Identity Filter
  1. How to Write Your About Page

    “The key is to avoid thinking of your About page as something that’s set in stone. Look at it like a canvas where every brushstroke adds a new layer of texture and color, adding richness to your story.” This Own Your Content toolkit provides tips and resources for crafting your About page.

    Identity
  2. A Collection Devoted to Intimate Trans Stories

    “For too long they’d had their lives overwritten or misrepresented.” The Museum of Transology, currently at the Brighton Museum and Art Gallery in the UK, curates quotidian objects that tell the stories of trans people.

    Identity
  3. dapperQ

    DapperQ is a queer style magazine. “We inspire people of all sexual orientations, gender identities, and gender presentations to think differently about both queer fashion and beauty as art and visual activism, and ultimately have a deeper, more fulfilling relationship with style.”

    Fashion
  4. WordPress Websites of LGBTQ+ Organizations Around the World

    At Out in Tech events, tech professionals build websites for LGBTQ+ organizations. Here’s a look at 10 sites launched at past hackathons.

    Diversity
  5. The Radical Notion of Not Letting Work Define You

    “Just because something can’t be a career doesn’t have to mean that it can’t be part of your life and identity.” At Man Repeller, Molly Conway muses on imposter syndrome, work and identity, and being a playwright.

    Identity
  6. What it means to become British

    From Nadia El-Awady: “I come from a culture that tends to glorify non-elected, autocratic, all-powerful leaders. They have to. The consequences of not doing so are not pretty. So I’ve grown up with a disdain for the glorification of single human beings; even those that don’t have much power.”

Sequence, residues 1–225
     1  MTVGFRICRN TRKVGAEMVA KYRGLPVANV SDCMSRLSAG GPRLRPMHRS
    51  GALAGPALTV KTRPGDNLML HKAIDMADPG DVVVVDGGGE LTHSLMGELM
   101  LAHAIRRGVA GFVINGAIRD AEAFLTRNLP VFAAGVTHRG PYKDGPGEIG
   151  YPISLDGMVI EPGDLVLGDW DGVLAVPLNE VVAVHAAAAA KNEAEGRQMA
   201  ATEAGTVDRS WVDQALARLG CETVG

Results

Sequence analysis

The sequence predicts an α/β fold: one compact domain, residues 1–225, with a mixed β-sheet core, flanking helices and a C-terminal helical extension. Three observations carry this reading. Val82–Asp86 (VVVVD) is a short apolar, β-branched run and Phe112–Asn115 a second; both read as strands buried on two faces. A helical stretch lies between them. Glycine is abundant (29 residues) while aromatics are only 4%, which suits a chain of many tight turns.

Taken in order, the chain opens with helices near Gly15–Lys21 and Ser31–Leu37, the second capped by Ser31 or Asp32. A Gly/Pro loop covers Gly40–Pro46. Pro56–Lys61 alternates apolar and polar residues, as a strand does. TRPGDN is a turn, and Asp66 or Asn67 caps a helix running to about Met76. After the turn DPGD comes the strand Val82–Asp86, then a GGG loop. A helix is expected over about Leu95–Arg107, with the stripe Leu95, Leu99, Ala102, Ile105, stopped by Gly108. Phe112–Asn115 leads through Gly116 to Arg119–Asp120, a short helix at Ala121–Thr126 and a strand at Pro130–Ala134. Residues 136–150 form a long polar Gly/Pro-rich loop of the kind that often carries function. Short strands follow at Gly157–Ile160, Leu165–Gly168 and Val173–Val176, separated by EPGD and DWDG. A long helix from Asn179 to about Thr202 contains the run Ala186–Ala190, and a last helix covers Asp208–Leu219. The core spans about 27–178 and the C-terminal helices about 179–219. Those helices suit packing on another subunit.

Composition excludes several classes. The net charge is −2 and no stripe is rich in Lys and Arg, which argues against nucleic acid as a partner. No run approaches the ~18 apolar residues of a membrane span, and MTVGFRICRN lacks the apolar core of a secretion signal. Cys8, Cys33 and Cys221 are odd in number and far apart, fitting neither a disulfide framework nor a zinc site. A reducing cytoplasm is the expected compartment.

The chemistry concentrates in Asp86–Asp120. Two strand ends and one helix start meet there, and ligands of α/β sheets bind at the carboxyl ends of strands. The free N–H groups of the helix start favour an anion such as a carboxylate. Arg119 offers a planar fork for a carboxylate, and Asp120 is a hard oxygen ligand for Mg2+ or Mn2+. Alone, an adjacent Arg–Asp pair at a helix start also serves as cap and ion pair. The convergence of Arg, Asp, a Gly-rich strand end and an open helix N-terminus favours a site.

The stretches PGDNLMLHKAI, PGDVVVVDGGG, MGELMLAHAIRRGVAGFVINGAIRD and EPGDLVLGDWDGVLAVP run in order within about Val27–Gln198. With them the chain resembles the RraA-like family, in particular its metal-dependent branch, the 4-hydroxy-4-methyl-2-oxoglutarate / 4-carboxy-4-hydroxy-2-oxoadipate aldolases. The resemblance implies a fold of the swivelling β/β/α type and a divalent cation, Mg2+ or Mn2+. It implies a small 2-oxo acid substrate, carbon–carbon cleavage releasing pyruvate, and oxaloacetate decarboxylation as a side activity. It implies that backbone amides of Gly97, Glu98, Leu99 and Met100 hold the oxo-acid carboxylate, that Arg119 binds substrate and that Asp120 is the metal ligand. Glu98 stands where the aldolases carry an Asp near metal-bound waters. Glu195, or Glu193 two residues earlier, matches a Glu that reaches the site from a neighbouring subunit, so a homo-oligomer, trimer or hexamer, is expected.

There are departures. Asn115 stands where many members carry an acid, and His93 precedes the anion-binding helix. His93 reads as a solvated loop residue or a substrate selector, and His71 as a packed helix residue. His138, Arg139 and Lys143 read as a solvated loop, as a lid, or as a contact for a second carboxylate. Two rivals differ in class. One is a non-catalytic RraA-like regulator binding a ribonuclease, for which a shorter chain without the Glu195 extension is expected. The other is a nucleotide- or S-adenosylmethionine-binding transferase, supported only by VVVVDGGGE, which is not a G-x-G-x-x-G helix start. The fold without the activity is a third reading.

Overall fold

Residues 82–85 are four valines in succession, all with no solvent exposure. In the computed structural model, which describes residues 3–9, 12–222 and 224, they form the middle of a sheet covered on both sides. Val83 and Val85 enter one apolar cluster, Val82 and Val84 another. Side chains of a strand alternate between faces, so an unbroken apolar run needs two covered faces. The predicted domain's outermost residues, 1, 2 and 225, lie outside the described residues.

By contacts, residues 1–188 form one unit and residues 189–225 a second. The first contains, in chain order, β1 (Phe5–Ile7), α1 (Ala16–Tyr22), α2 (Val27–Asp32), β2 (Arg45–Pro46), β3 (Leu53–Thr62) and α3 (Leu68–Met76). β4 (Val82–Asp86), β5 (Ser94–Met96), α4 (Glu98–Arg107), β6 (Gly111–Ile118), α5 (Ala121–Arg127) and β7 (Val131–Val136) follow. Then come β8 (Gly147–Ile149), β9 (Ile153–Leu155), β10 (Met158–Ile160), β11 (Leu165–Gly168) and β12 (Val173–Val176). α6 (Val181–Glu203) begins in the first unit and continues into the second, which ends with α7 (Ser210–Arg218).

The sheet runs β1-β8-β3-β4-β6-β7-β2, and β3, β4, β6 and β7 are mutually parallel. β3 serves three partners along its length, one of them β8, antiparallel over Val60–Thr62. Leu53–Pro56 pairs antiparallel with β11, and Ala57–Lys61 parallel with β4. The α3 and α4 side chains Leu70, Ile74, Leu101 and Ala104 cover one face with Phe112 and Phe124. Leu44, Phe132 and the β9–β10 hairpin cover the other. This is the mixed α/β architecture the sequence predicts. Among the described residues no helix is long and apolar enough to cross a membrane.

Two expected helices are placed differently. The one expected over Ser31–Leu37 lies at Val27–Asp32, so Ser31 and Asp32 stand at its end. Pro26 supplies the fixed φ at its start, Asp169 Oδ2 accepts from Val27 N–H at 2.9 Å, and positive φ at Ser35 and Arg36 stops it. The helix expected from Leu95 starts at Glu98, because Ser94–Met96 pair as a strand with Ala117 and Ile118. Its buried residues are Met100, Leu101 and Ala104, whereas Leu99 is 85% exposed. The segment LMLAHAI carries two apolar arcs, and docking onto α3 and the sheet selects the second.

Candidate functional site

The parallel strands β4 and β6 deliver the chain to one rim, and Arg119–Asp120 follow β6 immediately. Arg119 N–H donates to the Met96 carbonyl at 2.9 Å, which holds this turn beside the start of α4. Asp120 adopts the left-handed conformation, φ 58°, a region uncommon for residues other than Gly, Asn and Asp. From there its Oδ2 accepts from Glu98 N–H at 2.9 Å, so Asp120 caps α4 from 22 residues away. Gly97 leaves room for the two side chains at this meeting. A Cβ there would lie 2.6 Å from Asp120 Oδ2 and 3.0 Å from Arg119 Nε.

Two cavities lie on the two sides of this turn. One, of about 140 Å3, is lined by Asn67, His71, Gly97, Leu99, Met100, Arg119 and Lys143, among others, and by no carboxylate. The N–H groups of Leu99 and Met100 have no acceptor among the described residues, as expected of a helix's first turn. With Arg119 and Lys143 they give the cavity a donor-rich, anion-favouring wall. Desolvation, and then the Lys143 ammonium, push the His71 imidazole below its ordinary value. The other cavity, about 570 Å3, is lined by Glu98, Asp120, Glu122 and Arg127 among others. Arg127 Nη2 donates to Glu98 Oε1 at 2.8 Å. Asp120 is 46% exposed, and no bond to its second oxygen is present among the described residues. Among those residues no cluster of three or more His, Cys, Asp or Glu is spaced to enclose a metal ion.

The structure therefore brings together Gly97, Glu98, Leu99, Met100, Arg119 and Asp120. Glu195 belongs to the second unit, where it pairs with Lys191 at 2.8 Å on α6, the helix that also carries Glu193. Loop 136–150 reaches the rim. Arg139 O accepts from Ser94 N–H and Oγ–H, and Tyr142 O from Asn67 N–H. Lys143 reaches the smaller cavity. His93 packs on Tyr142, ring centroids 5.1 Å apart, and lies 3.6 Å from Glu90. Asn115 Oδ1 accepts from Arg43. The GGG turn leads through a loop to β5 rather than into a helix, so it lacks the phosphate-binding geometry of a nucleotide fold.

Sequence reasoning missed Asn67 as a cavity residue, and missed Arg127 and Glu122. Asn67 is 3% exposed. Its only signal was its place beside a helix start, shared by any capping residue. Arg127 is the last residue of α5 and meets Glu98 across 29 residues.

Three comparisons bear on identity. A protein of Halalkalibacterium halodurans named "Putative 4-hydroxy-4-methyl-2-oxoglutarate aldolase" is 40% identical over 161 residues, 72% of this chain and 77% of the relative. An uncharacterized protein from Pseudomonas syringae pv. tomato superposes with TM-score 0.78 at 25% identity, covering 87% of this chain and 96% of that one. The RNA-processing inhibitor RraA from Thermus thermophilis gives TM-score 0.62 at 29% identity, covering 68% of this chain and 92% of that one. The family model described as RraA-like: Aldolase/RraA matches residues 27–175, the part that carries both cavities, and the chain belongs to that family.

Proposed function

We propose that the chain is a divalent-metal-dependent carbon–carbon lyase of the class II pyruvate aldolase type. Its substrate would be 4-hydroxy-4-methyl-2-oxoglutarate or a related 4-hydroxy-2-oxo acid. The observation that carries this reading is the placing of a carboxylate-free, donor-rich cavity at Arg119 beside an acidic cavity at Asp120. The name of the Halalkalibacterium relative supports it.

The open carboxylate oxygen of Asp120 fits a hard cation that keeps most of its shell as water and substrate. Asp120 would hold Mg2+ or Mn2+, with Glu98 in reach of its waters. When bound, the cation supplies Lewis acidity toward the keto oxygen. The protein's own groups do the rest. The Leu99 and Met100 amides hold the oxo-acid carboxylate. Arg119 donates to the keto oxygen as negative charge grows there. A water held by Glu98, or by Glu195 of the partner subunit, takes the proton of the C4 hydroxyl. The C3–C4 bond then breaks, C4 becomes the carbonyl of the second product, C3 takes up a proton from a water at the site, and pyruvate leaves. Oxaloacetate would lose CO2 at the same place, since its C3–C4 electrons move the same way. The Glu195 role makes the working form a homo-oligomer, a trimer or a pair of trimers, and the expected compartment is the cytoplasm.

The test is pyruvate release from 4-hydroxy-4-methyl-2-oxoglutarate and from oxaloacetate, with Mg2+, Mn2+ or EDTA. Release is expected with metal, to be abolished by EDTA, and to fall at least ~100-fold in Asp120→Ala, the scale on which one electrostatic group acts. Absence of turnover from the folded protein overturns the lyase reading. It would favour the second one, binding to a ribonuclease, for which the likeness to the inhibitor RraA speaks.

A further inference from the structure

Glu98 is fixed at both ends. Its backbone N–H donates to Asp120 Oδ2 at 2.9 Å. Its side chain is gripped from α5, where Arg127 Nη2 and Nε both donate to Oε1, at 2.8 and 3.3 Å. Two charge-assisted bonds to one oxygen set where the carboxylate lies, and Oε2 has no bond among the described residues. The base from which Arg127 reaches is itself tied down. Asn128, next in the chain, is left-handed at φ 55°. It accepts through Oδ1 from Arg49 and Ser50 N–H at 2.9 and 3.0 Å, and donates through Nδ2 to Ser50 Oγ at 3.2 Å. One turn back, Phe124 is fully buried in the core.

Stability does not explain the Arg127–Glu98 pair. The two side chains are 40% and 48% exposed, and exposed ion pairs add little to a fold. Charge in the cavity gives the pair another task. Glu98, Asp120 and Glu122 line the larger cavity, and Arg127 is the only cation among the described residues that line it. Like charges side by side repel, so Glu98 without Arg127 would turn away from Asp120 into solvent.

Commentary
  7. Dani Shapiro on her new memoir, DNA, and more

    “Hundreds of thousands of people are discovering that they didn’t know significant aspects of their own identities.” On her blog, Leslie Lindsay interviews author Dani Shapiro about her memoir Inheritance.

    Authors
  8. We Have this Really Powerful Tool to Effect Change

    “But it became crystal-clear that queer youth needed to see what their futures could look like. They needed to see that there was light at the end of the tunnel…” Brett M. Peters from the It Gets Better Project talks about the power of uplifting storytelling.

    Diversity
  9. An Extraordinary Machine

    “Same kid. Different wrapper.” In 2004, the Smartypants family adopted baby Nora. In 2018, they amended Nora’s Certificate of Foreign Birth when Nora transitioned, changing his name Aaron.

    Family
  10. “I carried shame from generations I had never even met. Generations who had shame imposed on them for nothing more than being the wrong people at the wrong time. Wrong stories, wrong skin. I have lived a life carrying things that were never mine to carry in the first place.”

    Identity
  11. Dentalium and Dreams Beyond the University

    Indigenous grad school student Erica Violet Lee meditates on wealth and abundance: “I want wealth by our definitions, because their definitions will always label us needy, at-risk, poor. I want abundance, in all the ways we define it for ourselves.”

    Academia
  12. Three Stories to Read this LGBT History Month

    From The Golden Girls to 17th-century London, these stories explore the rich layers of queer history.

    Commentary
    Berlin's memorial to the first gay emancipation movement. Image by Alorin via Wikimedia Commons (CC BY 4.0)
  13. When Love Wins

    Sahitya Poonacha reacts to the Supreme Court of India’s landmark decision to decriminalize gay sex: “Society still has a long way to go, but now with the court on love’s side, it gives the confidence to the people who are afraid.”

    Current Events
    Photo by Kandukuru Nagarjun (CC BY 2.0)
  14. The Time Ladies

    Time traveling aliens know no gender: welcome to the blog for female Doctor Who fans, by female Doctor Who fans.

    Gender
  15. Are There Limits to Self-Identity Language?

    “When a marginalized person claims language to describe their oppressed identity, they are speaking themself into existence in a society that is trying to annihilate them.”

    Gender